How many youth-related conferences have you been to where youth issues are being articulated by an older generation? For me, there have been so many I have lost count.
That’s why being at the Young Africa Works Summit 2017 was a breath of fresh young air. This Summit was a departure from the norm in four key ways:
The Youth Delegates
Fifty young people were invited to attend the conference either as speakers, delegates or session panelists and even more were attendees. At a Summit of more than 300 people, young people were well represented in a number of diverse roles.
The Keynote Addresses
Imagine being at an event where keynote addresses are delivered by young people and they introduce their peers. Now stop dreaming because that was the reality at the Young Africa Works Summit.
Youth co-hosts Laetitia Mukungu, Founder of Africa Rabbit Centre and Rita Kimani, the Co-founder and CEO of FarmDrive introduced the keynote speakers, three young people causing ripples in the agricultural arena in Africa. Meet Jean Bosco Nzeyimana, Founder of Habona Limited, a climate-smart company that transforms household waste into fuel; Pilirani Khoza, Founder and Coordinator of Bunda Female Students Organization (BUFESO) an organization working to empower young women in Agriculture; and Brian Bosire, Founder of UjuziKilimo, a company modernizing farming through the fusion of technology and data.
The Youth Centered Discussions
“Nothing for the youth without the youth” and “Inclusion! Inclusion! Inclusion” were phrases that found their home at the Summit. Young people were not only plenary panelists but participated in the breakout sessions as well. Francis Arinaitwe, a youth delegate on the Policy in Practice panel made it clear that policymakers need to incorporate youth in the policy process and stop seeing them as beneficiaries. The session sought to explore how policies and legislation can better support youth to become the engines of agricultural transformation.
Additionally, Alesia Ofori, another youth delegate, was one of the panelists during the Breaking Down Gender Barriers breakout session. They explored the various gender barriers that women in agriculture face that create and reinforce inequality.
Finally, Janet Maro, through her own initiative dubbed Sustainable Agriculture Tanzania made a case on how to incorporate climate-smart agricultural practices into youth livelihoods programming during the Building Resilience to Climate Change breakout. The session also explored how youth are uniquely poised to respond to the challenges of climate change.
Youth participated not only on the panels, but often drove the audience discussion as well. Representing a heterogeneous group of young people offering a wide range of skills and experiences in agriculture across twelve African countries, many of the youth delegation travelled for their first time outside of their home country to attend the event.
But how was this possible? How could so many young people attending an international conference for the first time navigate the Summit with so much ease? How were they able to network, engage and ask compelling questions this easily? Let me take you to the behind the scenes.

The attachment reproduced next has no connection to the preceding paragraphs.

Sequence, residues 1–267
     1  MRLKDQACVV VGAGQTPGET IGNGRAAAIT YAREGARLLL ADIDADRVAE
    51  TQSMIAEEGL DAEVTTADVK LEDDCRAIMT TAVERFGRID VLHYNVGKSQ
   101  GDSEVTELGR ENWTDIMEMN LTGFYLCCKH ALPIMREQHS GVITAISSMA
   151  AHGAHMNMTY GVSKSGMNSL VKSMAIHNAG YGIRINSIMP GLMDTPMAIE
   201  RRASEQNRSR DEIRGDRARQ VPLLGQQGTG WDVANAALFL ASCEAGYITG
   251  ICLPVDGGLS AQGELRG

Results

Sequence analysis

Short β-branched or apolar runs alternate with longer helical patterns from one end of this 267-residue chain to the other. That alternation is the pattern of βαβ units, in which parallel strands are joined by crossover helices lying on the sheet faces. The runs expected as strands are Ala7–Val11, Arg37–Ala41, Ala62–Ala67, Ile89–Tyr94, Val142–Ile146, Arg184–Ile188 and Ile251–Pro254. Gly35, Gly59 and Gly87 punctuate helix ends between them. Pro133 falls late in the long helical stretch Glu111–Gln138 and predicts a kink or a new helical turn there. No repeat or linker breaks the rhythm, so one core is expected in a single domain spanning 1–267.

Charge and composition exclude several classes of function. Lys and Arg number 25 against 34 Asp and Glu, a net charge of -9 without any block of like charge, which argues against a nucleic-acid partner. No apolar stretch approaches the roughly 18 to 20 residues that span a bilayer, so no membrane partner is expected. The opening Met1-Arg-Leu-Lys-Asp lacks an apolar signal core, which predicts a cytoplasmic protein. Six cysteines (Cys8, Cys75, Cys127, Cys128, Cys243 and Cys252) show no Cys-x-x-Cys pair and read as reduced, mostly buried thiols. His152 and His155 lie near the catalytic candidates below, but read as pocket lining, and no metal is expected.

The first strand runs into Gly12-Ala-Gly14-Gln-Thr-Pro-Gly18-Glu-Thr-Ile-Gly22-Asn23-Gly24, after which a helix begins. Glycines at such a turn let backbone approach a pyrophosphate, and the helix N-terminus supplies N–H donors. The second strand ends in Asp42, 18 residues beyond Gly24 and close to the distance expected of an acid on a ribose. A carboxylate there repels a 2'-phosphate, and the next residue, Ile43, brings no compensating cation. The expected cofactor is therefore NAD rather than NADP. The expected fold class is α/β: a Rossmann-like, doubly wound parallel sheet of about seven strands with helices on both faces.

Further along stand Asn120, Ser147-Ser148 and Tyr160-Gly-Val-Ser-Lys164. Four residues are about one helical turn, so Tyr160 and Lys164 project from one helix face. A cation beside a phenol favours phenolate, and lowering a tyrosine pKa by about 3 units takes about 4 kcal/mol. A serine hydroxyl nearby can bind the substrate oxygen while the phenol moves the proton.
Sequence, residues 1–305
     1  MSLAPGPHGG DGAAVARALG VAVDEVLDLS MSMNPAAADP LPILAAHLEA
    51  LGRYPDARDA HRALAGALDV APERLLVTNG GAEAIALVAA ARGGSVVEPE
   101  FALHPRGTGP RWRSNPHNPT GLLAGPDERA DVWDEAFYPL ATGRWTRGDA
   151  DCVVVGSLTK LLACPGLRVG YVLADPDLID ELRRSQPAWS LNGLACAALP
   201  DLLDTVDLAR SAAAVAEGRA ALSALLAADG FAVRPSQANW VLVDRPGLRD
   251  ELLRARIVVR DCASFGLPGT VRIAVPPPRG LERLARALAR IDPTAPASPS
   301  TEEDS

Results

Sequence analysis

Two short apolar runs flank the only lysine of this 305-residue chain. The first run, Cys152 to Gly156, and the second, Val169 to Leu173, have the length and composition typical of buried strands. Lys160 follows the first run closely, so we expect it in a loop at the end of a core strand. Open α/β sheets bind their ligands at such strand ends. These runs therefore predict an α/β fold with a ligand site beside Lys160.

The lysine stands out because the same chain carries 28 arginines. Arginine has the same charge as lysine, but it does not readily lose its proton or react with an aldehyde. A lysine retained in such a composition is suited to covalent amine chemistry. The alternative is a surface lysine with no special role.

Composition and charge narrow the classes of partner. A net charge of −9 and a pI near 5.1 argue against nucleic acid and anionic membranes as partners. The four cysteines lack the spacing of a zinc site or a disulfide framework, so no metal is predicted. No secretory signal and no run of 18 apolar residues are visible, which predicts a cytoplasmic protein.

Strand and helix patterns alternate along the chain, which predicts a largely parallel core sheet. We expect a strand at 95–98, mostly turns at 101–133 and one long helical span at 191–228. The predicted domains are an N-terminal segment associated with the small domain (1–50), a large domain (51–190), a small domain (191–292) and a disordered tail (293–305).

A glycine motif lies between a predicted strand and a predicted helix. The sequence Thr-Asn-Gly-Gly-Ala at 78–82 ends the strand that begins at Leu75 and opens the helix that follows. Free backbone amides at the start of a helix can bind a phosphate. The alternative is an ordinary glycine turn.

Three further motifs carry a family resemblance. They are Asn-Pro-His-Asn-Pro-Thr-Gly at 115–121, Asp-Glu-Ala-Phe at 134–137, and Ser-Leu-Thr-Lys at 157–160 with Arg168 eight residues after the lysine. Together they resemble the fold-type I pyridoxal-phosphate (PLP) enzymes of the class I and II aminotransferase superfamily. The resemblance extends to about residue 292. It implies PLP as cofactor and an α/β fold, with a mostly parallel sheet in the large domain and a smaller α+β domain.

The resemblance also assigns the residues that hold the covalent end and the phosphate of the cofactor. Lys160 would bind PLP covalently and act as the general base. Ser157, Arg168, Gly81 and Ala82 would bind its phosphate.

The Youth Pre Summit Session; The Icing on the cake
On February 15th, the day before the Young Africa Works Summit kicked off, YPARD partnered with The MasterCard Foundation to deliver a one-day pre-Summit workshop. The aim of the workshop was to equip the youth delegates with practical skills relevant to their participation at the Summit. These skills included communication, networking, pitching and live tweeting just to mention a few. They built upon a series of webinars that young people participated in prior to their arrival in Kigali.
In addition, the workshop featured a conference plan called Making the Most of the Summit where youth delegates prepared a conference participation plan detailing their interests at the Summit, identifying individuals they would like to meet and what they hope to achieve by the end.
To support the continued professional and personal growth of the young delegates, YPARD designed two mentoring programs for the Summit. The Summit Mentoring program matched 14 youth delegates with 14 mentors. Together they set Summit specific goals for networking, critical listening and exchanging ideas. The second mentorship program paired 15 youth delegates with 15 mentors for the remainder of 2017. The feedback was overwhelmingly positive, with some mentees stating that the pre-Summit workshop helped them to prepare how best to participate in the Summit, while for the mentors, they admitted that the Summit was unlike any other conference they had attended. One mentor was happy to have the added ‘responsibility’ of helping in the development of a young person. We couldn’t be happier either!
Coming soon: An exciting five-minute video on the pre-Summit workshop. In the meantime, read through the best of the Summit proceedings on Storify (Day 1 and Day 2) as well as view the Summit photos on The MasterCard Foundation Flickr stream.
Photo credits: Illume for The MasterCard Foundation